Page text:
Archive for the ‘Blog’ Category

Research Infographic- Breathe Easy: Indoor Transport and Mitigation of PM2.5

We are pleased to share this infographic explaining the sources and methods of mitigating the effects of particulate matter in indoor domestic environments. An article on this topic was published in Issue 4 of Environmental Science: Atmospheres, where it can be read in full: Assessment of PM2.5 concentrations, transport, and mitigation in indoor environments using low-cost air quality monitors and a portable air cleaner.

Key findings showed that low-cost air quality monitors performed well when monitoring background air quality, but could sometimes overestimate particulate matter content when a source was actively emitting it. Depending on the layout of the home and whether doors were kept closed, particulate matter from cooking could travel from the kitchen to the bedroom in 0-45 mins, but was 30% lower in concentration when it arrived. Filtration methods to remove particulate matter proved more effective when placed closer to the source of emission.

Sumit Sankhyan, Julia K. Witteman, Steven Coyan, Sameer Patel and Marina E. Vance, Environ. Sci.: Atmos., 2022, 2, 647-658

New Themed Collection: “Indoor Air Quality” from ES: Atmospheres and ES: Processes & Impacts

Could our collection be the ideal platform for your next atmospheric and environmental science publication on indoor air quality?

We invite you to contribute to our growing collection highlighting the key role that the chemical sciences play in the study of indoor air quality, its interactions with outdoor air, health implications and exposure. For this collection, we invite submissions which focus on all aspects relating to indoor air quality, including theoretical and experimental methods, as well as modelling and consideration of policy and health impacts of indoor air quality. For more information on this cross-journal collection, which closes for submissions on 31st October, see open call for papers.

When you publish with Environmental Science: Atmospheres and Environmental Science: Processes and Impacts you can:

  • Put your trust in both our rigorous peer review process and fast times to publication – which are less than 9 weeks after submission across all our journals.
  • Expect your work to be promoted through our journal social media (@EnvSciRSC)
  • Be confident of a global audience for your work. As a leading voice in the chemical sciences, there are opportunities for work published in this collection to inform our policy positions on indoor air quality. This means that dissemination of this work will likely go beyond chemists and reach a broader audience.

 

Which journal should I choose?

Environmental Science: Atmospheres publishes high quality research in fundamental and applied atmospheric chemistry. The journal scope spans the entirety of Earth’s atmosphere, and studies addressing the interactions of indoor air pollutants with outdoor air, or considering human health effects, are encouraged. We offer authors the option to publish the peer review history alongside their article.

Environmental Science: Processes & Impacts publishes high quality articles in all areas of the environmental chemical sciences. The journal strongly prefers significant contributions whose results can be generalised to other systems, particularly those which characterise chemical processes or address contaminant environmental impacts. All authors have the option of double-anonymised peer review.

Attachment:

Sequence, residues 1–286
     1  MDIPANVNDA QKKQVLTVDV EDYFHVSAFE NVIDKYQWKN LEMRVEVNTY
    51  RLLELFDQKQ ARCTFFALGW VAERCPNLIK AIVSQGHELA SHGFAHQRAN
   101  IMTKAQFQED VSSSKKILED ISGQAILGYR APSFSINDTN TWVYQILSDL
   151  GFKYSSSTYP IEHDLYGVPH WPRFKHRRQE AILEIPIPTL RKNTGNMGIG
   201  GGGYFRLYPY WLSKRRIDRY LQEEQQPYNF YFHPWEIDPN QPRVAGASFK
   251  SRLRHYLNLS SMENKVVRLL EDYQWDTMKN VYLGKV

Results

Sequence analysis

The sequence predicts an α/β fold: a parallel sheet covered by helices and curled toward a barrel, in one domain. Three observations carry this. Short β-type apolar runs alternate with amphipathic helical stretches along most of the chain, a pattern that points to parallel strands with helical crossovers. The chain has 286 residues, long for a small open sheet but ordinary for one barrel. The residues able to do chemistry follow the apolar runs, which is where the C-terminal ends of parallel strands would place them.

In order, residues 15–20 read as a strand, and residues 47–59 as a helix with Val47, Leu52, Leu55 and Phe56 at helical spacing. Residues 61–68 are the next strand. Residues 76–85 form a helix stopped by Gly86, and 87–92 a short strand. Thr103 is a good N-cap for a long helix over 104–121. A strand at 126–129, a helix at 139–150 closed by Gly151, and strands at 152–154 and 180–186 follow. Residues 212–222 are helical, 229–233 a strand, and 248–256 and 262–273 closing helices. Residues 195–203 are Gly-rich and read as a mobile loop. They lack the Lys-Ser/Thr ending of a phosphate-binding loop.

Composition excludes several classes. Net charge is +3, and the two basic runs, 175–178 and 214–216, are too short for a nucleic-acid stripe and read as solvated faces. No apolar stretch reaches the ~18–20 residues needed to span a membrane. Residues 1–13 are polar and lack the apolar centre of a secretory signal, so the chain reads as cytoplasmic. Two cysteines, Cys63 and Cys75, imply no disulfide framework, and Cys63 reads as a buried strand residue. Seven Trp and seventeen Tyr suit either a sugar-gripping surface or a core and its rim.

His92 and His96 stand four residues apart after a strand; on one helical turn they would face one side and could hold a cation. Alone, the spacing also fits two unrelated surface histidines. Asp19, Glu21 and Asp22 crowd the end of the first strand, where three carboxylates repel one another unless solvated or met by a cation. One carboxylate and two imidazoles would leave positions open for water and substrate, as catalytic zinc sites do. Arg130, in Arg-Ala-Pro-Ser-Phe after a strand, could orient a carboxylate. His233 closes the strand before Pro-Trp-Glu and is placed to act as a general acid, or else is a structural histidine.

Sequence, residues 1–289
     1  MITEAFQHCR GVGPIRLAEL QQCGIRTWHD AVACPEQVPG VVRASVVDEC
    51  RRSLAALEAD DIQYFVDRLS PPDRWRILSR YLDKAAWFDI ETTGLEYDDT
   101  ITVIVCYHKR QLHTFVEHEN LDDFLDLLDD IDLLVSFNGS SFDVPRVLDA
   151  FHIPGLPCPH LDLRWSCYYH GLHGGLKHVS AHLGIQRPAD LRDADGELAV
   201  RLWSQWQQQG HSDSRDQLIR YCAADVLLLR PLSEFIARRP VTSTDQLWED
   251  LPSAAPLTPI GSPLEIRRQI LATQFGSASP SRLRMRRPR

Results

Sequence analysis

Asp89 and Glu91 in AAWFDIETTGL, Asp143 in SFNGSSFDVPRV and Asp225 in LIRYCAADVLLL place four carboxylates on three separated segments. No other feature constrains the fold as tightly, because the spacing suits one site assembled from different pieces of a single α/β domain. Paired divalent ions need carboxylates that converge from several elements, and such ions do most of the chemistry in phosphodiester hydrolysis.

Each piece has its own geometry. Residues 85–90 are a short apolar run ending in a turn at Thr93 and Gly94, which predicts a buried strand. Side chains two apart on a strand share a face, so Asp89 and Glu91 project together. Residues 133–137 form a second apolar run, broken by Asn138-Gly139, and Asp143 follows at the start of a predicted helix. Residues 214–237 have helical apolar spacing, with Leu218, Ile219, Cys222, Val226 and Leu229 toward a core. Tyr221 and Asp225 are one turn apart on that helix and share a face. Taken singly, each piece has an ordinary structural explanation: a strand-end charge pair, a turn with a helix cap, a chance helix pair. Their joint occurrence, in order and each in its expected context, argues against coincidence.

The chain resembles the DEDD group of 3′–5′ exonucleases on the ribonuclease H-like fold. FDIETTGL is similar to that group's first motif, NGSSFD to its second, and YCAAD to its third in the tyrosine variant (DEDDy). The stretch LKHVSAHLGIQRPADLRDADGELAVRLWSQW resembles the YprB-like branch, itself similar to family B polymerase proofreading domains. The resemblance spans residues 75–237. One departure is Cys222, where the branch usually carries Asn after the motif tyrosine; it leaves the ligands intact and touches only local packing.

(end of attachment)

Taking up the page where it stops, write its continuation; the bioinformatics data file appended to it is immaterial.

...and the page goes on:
Article publication online and in issues will occur without delay to ensure the timely dissemination of the work. The articles will then be assembled on the RSC Publishing platform and promoted as a web-based thematic collection, to permit readers to consult and download individual contributions from the entire series.

If you’re interested, we invite you to submit your research today, quoting ‘XXIndAir22’ when submitting your manuscript.

New themed collection ‘Aerosol formation in the urban environment’ from ES: Atmospheres now online

We are delighted to announce that the Environmental Science: Atmospheres themed issue ‘Aerosol formation in the urban environment’ is now online.

Guest Edited by Professor Mikael Ehn (University of Helsinki), Professor Katrianne Lehtipalo (University of Helsinki) and Professor Paul M. Winkler (University of Vienna), this collection includes studies on new particle formation and growth mechanisms and rates, and the sources, transformations and chemical composition of aerosol precursor vapours, clusters, and particles.

Read the full issue online.
It includes:

Paper
The contribution of new particle formation and subsequent growth to haze formation
Markku Kulmala, Runlong Cai, Dominik Stolzenburg, Ying Zhou, Lubna Dada, Yishuo Guo, Chao Yan, Tuukka Petäjä, Jingkun Jiang and Veli-Matti Kerminenbc
Environ. Sci.: Atmos., 2022, 2, 352-361. DOI: 10.1039/D1EA00096A

Paper
A computationally efficient model to represent the chemistry, thermodynamics, and microphysics of secondary organic aerosols (simpleSOM): model development and application to α-pinene SOA
Shantanu H. Jathar, Christopher D. Cappa, Yicong He, Jeffrey R. Pierce, Wayne Chuang, Kelsey R. Bilsback, John H. Seinfeld, Rahul A. Zaverie and Manish Shrivastavae
Environ. Sci.: Atmos., 2021, 1, 372-394. DOI: 10.1039/D1EA00014D

Paper
Observed coupling between air mass history, secondary growth of nucleation mode particles and aerosol pollution levels in Beijing
S. Hakala, V. Vakkari, F. Bianchi, L. Dada, C. Deng, K. R. Dällenbach, Y. Fu, J. Jiang, J. Kangasluoma, J. Kujansuu, Y. Liu, T. Petäjä, L. Wang, C. Yan, M. Kulmala and P. Paasonen
Environ. Sci.: Atmos., 2022, 2, 146-164. DOI: 10.1039/D1EA00089F

We hope you enjoy reading the articles!

Research Infographic- Satellites: A New Tool in Detecting Methane Emissions

We are pleased to share this infographic on the use of satellites to detect and monitor methane emissions. A review on this topic was published in Issue 1 of Environmental Science: Atmospheres and can be read in full at Methane detection and quantification in the upstream oil and gas sector: the role of satellites in emissions detection, reconciling and reporting.